The children were happy and thanked teacher Kimani for his support to train them for almost nothing at a time when some parents are paying thousands of shillings per session for their children to be taught the sport. Truly it is awesome to be in God’s kingdom!
Last summer disciples from San Diego were able to take an amazing team to Open Arms daycare in La Mission, Mexico where we were able to teach a Vacation Bible School (VBS) in Spanish. There were were about 15 people adults as well as teens that went to teach the kids in the group. Open Arms daycare is a not- for -profit daycare that helps needy families in Mexico.
In September Kiev Church hosted the unique event. It happened for the first time within the International Churches of Christ - the Conference of Kids Kingdom Ministry for Eurasian Churches. The title of the conference was "Into the Future With Faith". Almost 300 brothers and sisters from 26 churches and 9 countries visited Kiev in September to participate in this great event. All 4 regions of Eurasia were presented not just by the participants - even the Organizing Committee consisted of brothers and sisters from different countries.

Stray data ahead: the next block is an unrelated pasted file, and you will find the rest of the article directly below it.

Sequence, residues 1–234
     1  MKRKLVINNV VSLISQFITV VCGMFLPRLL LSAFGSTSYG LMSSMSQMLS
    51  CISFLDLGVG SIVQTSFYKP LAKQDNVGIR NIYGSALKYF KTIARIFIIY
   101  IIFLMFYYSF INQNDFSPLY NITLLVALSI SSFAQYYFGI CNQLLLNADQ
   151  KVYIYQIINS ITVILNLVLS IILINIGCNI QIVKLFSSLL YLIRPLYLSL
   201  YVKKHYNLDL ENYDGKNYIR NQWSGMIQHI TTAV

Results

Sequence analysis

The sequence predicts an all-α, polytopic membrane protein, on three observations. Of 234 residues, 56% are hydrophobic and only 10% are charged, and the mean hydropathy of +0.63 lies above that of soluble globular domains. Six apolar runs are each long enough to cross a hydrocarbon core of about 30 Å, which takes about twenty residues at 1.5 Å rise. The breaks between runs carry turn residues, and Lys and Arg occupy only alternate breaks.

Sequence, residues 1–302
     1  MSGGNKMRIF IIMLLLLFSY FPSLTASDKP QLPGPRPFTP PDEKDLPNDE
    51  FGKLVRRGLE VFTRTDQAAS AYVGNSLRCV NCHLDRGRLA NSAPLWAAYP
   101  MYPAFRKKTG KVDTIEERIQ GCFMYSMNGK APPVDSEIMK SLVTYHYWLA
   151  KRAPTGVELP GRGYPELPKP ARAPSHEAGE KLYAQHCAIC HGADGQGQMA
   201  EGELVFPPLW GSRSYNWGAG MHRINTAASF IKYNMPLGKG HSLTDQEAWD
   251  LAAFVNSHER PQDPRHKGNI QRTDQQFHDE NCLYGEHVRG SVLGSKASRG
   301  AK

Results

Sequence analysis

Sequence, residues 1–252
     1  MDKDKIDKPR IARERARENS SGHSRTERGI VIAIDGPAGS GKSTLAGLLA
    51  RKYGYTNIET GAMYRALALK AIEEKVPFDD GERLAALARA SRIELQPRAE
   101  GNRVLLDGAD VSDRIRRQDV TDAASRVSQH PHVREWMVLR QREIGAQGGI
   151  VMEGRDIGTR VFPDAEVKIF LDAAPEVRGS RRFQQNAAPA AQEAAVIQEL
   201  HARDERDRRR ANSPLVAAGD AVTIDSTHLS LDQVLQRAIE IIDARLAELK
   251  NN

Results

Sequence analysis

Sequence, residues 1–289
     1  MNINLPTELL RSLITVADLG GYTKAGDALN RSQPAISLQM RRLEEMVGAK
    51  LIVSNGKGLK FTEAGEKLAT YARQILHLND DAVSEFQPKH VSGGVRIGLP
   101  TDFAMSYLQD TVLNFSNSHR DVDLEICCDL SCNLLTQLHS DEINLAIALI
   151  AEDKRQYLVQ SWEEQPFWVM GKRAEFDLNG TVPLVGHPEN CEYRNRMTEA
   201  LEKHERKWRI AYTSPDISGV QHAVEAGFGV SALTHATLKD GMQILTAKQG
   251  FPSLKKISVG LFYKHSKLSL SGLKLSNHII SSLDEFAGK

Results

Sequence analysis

Jesus said, “Let the little children come to me, and do not hinder them, for the kingdom of heaven belongs to such as these.” (Matthew 19:14)
We encourage the children to come into our churches and learn about God, and our Children's Ministries around the world open their doors to thousands of children each week. We hope that these pages provide you with the tools, insights and knowledge you need to teach them.. Let's be the best we can be and encourage one another.
Let the message of Christ dwell among you richly as you teach and admonish one another with all wisdom through psalms, hymns, and songs from the Spirit, singing to God with gratitude in your hearts. And whatever you do, whether in word or deed, do it all in the name of the Lord Jesus, giving thanks to God the Father through him. (Colossians 3:16-17)
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Kingdom Kids Editor